Tuesday, September 26, 2023

Indonesia Condemns Macron's Statements on Islam

Natasia Christy Wahyuni, Dion Bisara
October 31, 2020 | 9:21 am
French President Emmanuel Macron (File Photo/Ludovic Marin)
French President Emmanuel Macron (File Photo/Ludovic Marin)

Jakarta. Indonesia has condemned the statements from French President Emmanuel Macron, which was deemed disrespectful toward Islam and the Muslim community worldwide, the Foreign Affairs Ministry said on Friday. 

"Indonesia condemns the statements made by the President of France that is disrespectful towards Islam and the Muslim community worldwide," the Foreign Affairs Ministry said in a statement.

"The statement has offended over 2 billion Muslims globally and has sparked division among different faiths in the world," the ministry said. 

The ministry did not specify Macron's statement that is deemed disrespectful. Macron has drawn angry responses from Muslim leaders and falls for boycotts on French products in the Muslim world after suggesting that "Islam is a religion in crisis" in a speech on Oct 2


The speech was actually about what he called Islamist separatism, an ideology wielded by some Muslims in France who tried to asserts religious laws and threaten the country's secularism principle. 

"I do not ask any of our citizens to believe or not to believe, to believe a little or moderately, it is not the business of the Republic, but I ask any citizen, whatever his religion or not, to respect absolutely all the laws of the Republic," Macron said. 

"And there is in this radical Islamism [...] a methodical organization to contravene the laws of the Republic and create a parallel order, to erect other values, develop another organization of society, separatist at first, but whose final goal is to take control, complete it. And it is what makes us gradually come to reject freedom of expression, freedom of conscience, the right to blasphemy," the French president said. 

The speech came in light of rising tension in the country following Islamist terrorists attract in recent times. These include an attack on satirical magazine Charlie Hebdo office in Paris in 2015, killing 12. 

Two weeks after the speech, an 18-year-old Muslim refugee killed and beheaded Samuel Paty with a knife. Paty was a school teacher who days earlier showed Charlie Hebdo's caricatures of the Islam Prophet Muhammad to his classes as part of a lesson about freedom of expression.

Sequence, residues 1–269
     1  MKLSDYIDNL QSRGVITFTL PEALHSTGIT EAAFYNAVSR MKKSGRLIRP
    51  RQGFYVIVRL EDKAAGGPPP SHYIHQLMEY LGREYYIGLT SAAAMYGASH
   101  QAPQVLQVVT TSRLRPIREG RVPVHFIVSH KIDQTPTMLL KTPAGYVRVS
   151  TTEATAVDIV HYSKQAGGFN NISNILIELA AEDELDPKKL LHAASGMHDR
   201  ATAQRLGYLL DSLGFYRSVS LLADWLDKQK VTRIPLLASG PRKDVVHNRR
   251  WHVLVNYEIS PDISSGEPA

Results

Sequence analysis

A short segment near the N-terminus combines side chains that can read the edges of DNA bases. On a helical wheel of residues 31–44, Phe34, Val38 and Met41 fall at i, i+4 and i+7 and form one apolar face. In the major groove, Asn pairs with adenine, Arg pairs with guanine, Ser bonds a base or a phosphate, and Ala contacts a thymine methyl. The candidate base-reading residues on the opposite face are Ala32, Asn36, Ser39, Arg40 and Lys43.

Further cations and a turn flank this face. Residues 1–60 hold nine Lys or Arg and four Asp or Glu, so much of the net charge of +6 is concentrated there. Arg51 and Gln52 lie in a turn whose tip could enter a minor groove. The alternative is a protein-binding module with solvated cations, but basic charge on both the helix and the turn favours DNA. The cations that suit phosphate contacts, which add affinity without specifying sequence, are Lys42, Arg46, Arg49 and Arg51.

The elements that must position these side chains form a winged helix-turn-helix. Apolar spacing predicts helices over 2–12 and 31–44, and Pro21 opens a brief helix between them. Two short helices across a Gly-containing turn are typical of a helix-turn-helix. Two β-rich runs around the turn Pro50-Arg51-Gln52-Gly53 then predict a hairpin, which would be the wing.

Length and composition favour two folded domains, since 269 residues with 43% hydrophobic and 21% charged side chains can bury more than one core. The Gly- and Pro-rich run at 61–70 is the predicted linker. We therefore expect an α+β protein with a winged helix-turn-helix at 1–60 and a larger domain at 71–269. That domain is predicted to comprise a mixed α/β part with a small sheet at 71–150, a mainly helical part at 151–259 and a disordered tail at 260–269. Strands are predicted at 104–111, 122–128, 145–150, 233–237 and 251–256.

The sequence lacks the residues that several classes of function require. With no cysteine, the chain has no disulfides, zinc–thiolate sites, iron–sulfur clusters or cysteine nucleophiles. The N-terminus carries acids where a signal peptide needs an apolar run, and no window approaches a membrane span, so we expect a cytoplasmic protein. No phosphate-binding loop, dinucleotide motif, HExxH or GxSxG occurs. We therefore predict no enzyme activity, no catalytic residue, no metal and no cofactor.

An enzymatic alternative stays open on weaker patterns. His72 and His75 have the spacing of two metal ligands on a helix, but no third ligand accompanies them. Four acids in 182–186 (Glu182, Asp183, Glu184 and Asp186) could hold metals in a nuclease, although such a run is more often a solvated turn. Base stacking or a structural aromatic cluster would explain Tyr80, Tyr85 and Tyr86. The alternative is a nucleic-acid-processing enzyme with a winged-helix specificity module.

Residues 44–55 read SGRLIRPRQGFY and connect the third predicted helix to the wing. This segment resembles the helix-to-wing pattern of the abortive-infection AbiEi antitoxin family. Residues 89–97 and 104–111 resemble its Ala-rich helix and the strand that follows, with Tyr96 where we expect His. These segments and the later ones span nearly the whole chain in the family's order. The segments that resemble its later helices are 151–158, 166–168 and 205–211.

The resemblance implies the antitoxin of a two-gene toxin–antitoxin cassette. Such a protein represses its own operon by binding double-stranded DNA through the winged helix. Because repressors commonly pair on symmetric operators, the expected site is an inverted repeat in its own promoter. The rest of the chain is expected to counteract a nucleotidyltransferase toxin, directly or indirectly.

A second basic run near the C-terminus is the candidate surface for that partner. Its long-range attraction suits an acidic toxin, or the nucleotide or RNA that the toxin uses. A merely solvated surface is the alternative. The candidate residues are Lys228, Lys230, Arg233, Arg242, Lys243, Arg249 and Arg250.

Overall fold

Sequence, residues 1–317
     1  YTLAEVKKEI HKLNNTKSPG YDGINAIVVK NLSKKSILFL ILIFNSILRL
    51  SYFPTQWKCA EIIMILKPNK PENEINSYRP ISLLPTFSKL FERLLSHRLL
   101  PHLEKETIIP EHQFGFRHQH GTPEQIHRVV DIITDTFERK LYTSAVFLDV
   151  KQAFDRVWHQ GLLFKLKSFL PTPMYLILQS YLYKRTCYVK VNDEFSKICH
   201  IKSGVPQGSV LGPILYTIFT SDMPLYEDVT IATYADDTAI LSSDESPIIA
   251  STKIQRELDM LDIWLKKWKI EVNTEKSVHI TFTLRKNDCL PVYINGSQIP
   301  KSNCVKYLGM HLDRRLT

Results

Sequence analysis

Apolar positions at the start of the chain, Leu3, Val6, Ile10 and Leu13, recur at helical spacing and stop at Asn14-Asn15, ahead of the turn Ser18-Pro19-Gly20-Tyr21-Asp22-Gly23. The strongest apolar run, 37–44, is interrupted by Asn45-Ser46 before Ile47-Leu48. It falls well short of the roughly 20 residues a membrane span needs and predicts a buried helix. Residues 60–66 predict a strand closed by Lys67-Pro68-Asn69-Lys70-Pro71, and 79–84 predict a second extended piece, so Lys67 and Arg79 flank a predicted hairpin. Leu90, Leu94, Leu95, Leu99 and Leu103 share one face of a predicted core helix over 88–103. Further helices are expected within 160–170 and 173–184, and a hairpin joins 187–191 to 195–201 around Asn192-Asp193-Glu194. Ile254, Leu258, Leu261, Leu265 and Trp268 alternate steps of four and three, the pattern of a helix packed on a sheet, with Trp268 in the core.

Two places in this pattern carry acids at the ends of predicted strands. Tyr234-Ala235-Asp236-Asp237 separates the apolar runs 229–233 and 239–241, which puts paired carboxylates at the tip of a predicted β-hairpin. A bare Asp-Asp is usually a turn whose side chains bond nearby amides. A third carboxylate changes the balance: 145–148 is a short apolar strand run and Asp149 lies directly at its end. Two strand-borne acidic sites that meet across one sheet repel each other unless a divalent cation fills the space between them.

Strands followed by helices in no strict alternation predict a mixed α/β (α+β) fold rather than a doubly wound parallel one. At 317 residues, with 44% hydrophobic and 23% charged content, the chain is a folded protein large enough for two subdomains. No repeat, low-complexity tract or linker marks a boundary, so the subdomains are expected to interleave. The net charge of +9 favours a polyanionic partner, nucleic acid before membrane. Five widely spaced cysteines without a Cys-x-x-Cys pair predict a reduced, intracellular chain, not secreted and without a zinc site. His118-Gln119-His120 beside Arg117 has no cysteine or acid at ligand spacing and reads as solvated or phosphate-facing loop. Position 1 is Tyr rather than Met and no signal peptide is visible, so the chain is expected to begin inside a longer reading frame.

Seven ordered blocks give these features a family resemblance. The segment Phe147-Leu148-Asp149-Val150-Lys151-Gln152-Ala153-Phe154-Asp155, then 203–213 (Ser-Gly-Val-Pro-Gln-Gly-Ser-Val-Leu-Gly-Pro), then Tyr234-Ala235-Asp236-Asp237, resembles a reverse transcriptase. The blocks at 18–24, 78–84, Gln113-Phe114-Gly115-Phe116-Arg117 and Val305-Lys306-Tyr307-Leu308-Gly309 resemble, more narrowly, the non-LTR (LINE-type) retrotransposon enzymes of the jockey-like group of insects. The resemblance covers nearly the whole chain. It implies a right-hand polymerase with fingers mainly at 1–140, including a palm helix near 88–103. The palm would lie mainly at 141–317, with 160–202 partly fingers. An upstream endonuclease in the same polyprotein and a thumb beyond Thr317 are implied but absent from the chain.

On Thursday, another attack happened on Notre Dame Basilica in Nice, killing three congregation members. Less than a kilometer from the church, 86 people lost their lives when an attacker drove a truck into a crowd in 2016.

Global Response

Still, macron comment about Islam and the right of blasphemy has drawn fire from Muslim leaders worldwide. 

Turkish President Recep Tayyip Erdoğan — who has been exchanging strong words with Macron in recent months on various issues ranging from the Cyprus conflict, oil in the eastern Mediterranean, and the Azerbaijan-Armenian conflict — wasted no time in attacking Macron for his comment about Islam. Erdogan called the French president Islamophobic, questioned his mental health, and called for a boycott of French products. 

Mahathir Mohamad, a two-time Malaysian prime minister, also caused a stir on social media for his response to Macron comments. 

"Muslims have a right to be angry and to kill millions of French people for the massacres of the past," Mahathir in a tweet on Thursday. Twitter removed this tweet tweet for violation of the platform's terms and conditions. 

"But by and large, the Muslims have not applied the “eye for an eye” law. Muslims don’t. The French shouldn’t. Instead, the French should teach their people to respect other people’s feelings," he said in a subsequent tweet. 

Indonesia took a similar position to Mahathir's. 

"Freedom of expression should not be exercised in ways that tarnish the honor, sanctity, and sacredness of religious values and symbols," the Indonesian Foreign Affairs Ministry said. 
"As the largest Muslim-populated country and the third-largest democracy in the world, Indonesia urges the global community to put forward unity and religious tolerance, particularly amidst the on-going pandemic.," the ministry said. 

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